All Christian tradition on marriage is informed by key biblical passages, such as Genesis 1-2, Matthew 19:1-9, Mark 10:2-12, Luke 16:18, 1 Corinthians 7:10-16 and Ephesians 5:22-33. (The polygamy passages have dropped out of the working canon on this issue.) The composite reading of these texts is the belief that God creates marriage as a binding, exclusive, faithful lifetime relationship. (I have argued that for Christians the gay marriage debate should not be understood as about whether this demanding norm still applies, but whether it can apply equally to gays and lesbians.)
The historic Catholic approach offers a theology that makes a legitimately contracted Christian marriage metaphysically impossible to dissolve, something like dividing 1 by 0. That’s one reason why the Catholic Church finds it so difficult to bend on divorce. It’s not just morally banned, but theologically impossible. Which proves to be quite a problem for millions of divorced Catholics.
The main Protestant approach suggests that marriage is a binding covenant that should not be breached through the sinful choices of the spouses, but sometimes is breached by such bad choices. So divorce is morally impermissible, except as a tragic necessity in response to particular sins, or “biblical grounds,” such as adultery and abandonment. This means divorce should only be morally approved for the innocent party who has suffered his or her partner’s covenant violation. On this model there’s no such thing as a legitimate mutual divorce or a divorce because a marriage “dies” or someone “falls out of love.”
One reason for the Christian tradition’s stern ban or near-ban on divorce has been its attention to children, who (of course) are supposed to be one primary product of marriage and whose well-being constitutes one of the main reasons marriage needs to be secure, permanent and healthy. But factoring in the well-being of children does not any longer seem to prevail over the personal preferences of most maritally unhappy adults.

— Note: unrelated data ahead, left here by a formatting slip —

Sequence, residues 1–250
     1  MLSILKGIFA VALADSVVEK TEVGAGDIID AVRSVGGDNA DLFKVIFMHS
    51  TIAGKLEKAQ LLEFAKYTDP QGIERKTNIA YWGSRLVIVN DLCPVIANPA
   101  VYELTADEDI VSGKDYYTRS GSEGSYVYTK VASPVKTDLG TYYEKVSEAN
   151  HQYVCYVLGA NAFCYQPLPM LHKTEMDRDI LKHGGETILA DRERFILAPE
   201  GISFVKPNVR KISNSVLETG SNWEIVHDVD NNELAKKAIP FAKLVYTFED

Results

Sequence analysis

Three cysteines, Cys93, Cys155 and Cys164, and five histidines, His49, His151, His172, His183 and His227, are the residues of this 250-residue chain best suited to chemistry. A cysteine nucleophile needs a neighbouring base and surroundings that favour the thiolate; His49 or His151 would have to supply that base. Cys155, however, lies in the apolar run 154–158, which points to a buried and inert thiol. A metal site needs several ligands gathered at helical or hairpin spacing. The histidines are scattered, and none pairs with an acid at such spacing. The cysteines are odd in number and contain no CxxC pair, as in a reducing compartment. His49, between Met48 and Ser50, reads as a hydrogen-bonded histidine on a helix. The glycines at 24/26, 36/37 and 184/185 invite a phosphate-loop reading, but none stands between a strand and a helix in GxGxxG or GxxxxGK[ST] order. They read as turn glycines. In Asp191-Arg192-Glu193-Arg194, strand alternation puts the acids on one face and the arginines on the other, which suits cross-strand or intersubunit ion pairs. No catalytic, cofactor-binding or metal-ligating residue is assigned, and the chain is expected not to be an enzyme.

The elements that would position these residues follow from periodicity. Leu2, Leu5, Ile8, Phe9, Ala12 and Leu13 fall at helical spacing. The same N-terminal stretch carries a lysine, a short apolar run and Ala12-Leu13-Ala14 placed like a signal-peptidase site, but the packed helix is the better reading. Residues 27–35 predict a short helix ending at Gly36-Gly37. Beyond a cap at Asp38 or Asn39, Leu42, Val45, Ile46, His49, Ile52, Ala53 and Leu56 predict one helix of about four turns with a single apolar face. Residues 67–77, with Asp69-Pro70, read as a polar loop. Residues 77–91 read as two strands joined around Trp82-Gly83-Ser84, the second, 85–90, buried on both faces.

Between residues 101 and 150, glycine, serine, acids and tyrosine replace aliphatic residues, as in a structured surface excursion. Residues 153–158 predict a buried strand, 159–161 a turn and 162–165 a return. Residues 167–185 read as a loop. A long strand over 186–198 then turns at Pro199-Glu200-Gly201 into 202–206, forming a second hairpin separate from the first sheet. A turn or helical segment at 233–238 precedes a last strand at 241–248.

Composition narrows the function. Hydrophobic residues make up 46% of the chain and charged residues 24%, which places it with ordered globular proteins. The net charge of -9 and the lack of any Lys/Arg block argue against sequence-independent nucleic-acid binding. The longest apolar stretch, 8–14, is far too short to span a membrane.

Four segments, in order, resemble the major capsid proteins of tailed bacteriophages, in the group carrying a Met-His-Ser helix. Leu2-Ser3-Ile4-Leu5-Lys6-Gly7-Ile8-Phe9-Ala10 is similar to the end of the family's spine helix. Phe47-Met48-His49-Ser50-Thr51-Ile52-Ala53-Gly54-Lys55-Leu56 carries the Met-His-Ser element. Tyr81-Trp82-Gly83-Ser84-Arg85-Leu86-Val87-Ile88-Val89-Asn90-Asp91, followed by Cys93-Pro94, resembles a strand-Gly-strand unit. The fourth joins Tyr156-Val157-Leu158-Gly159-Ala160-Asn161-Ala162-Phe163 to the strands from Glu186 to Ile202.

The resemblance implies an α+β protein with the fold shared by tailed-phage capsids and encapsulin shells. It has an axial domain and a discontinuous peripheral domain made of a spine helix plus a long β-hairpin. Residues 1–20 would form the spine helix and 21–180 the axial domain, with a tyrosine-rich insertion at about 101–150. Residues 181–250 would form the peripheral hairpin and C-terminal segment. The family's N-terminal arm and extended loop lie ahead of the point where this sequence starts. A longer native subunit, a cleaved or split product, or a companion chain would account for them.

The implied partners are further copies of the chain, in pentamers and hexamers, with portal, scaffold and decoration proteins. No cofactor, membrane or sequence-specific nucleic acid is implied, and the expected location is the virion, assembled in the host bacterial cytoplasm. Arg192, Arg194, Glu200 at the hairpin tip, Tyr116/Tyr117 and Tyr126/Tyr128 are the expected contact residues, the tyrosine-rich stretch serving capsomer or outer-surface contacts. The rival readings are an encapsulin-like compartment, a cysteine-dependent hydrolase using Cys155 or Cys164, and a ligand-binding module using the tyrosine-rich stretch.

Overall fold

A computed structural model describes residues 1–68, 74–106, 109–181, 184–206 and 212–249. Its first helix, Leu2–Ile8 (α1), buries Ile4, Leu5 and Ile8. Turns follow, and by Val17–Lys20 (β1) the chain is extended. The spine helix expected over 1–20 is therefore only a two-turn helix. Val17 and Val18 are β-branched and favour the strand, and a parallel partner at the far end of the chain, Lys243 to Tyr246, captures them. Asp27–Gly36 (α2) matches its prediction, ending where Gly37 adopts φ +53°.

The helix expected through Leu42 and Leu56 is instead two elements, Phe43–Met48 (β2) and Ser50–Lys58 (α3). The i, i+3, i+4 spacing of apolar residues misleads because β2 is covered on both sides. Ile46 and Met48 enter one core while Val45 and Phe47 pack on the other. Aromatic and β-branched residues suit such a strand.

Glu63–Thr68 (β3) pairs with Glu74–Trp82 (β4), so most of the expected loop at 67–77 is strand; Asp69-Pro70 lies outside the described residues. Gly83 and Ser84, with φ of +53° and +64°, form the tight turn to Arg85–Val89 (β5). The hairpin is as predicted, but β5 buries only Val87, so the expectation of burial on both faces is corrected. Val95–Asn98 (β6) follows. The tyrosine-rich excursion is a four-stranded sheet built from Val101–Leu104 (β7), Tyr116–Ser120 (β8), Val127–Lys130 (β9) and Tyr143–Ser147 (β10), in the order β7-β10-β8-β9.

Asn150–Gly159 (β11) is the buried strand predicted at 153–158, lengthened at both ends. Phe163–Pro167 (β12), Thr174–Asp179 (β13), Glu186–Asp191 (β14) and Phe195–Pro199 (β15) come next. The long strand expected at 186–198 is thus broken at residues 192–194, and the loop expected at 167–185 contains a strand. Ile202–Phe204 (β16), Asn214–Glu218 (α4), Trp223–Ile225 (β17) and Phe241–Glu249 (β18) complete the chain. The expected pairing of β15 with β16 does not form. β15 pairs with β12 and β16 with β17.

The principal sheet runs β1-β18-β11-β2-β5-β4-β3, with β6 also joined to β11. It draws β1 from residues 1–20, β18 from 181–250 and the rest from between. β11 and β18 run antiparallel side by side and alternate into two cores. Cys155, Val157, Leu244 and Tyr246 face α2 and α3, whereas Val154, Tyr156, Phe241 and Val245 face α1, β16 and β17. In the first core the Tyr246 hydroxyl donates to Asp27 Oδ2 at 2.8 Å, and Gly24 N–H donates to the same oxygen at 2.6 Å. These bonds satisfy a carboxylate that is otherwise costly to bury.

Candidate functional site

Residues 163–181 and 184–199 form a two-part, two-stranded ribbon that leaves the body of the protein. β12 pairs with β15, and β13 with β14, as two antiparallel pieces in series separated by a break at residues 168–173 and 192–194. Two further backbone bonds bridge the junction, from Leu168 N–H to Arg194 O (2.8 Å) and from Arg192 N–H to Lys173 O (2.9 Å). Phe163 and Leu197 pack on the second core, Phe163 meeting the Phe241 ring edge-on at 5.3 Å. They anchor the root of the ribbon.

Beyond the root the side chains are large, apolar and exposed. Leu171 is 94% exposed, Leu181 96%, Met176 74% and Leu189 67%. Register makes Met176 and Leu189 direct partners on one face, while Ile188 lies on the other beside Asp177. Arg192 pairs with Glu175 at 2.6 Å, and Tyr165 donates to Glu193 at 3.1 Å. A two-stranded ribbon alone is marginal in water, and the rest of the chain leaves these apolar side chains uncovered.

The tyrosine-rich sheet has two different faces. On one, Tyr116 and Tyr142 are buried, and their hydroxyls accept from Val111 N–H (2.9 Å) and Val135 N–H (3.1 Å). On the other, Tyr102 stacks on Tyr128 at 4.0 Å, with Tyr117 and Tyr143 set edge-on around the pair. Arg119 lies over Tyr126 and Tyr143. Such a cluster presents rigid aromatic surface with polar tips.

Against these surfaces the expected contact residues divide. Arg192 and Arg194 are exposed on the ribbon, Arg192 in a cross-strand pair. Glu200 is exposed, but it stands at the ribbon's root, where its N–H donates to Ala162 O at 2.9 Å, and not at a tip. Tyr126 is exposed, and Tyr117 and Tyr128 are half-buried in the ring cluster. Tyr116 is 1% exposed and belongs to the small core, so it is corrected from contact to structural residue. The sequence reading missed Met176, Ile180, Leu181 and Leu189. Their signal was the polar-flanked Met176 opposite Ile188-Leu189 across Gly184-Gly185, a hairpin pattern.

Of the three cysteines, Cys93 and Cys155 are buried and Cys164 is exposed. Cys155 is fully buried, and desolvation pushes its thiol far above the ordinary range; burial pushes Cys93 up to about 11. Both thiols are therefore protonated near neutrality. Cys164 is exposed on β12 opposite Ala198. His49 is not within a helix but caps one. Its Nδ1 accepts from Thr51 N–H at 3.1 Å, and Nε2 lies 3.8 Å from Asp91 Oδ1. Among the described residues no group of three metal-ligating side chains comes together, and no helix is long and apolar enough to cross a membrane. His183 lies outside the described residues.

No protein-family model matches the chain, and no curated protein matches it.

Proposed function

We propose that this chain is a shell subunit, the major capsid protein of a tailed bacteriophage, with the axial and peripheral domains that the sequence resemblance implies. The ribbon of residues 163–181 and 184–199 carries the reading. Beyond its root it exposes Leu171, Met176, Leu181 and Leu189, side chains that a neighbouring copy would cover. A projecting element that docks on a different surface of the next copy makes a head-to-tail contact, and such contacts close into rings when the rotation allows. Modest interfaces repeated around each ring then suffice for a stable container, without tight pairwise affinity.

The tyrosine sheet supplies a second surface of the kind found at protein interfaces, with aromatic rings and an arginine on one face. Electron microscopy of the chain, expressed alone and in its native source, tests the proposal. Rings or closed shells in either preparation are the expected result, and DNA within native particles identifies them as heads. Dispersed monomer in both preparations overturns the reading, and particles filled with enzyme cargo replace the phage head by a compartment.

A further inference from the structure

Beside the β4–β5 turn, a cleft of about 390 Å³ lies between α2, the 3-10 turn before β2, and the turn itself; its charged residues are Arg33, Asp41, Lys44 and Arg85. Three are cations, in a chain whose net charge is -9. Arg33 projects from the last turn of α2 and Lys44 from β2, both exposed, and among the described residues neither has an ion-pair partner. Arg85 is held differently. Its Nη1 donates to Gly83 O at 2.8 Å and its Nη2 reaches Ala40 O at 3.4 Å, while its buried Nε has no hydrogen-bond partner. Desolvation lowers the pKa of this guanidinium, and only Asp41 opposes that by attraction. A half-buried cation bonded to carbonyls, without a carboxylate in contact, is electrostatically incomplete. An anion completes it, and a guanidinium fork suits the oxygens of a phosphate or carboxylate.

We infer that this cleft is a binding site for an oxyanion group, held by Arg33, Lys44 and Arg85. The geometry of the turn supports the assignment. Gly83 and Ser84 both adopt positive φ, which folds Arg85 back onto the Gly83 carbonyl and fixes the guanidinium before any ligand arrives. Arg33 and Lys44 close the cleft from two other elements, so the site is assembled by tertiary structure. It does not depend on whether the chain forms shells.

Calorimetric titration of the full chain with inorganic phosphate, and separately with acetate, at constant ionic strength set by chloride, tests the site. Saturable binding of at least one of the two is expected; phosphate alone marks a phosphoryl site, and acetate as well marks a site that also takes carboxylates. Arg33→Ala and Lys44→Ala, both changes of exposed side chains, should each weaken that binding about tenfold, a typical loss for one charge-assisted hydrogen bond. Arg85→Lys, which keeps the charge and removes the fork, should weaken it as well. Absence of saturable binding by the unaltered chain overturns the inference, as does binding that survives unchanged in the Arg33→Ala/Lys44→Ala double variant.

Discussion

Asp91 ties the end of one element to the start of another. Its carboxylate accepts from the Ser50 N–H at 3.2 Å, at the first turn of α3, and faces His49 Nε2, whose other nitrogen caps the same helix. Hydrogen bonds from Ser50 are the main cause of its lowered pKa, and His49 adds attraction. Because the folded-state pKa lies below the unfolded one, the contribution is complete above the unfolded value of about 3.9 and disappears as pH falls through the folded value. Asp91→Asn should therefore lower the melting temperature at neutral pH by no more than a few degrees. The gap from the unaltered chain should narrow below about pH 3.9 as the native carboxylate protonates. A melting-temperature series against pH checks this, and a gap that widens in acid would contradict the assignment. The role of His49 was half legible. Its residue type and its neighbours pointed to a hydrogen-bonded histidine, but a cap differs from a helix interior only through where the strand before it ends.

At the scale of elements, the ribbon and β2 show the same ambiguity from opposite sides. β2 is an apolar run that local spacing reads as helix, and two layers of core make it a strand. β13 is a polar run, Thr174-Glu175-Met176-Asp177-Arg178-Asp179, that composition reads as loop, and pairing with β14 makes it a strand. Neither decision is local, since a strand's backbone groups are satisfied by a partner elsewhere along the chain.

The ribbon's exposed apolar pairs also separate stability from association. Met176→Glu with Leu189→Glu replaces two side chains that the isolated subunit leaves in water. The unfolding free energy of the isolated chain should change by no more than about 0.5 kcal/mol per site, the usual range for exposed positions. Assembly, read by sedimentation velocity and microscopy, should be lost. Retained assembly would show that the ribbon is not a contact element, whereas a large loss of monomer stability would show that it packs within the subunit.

I am arguing that routine mass divorce is inevitable in modern Western cultures, with one possible exception. That is in religious communities where there are clergy and congregants who attempt to create and sustain a counterculture in which we still believe in binding covenantal marriage — and attempt to nurture the character traits and skills that might make such marriages succeed.
But such efforts swim against the tide of a culture in which such norms are increasingly incomprehensible. And we know that many of those who come to us for our wedding services are not all that serious about faith.
So a wedding becomes an opportunity for clergy to make a serious pitch not just for a religious wedding — but a serious life of faith within which vibrant lifetime marriage can be sustained.
The Rev. David Gushee is Distinguished University Professor of Christian Ethics and director of the Center for Theology and Public Life at Mercer University. He is also the author or editor of 20 books in his field, including “Righteous Gentiles of the Holocaust,” “Kingdom Ethics,” “The Sacredness of Human Life” and “Changing Our Mind.”
Courtesy: Religion News Service
Photo: Wedding rings rest on a Bible during a ceremony.
Photo courtesy: Photo courtesy of graham tomlin via Shutterstock
Publication date: August 20, 2015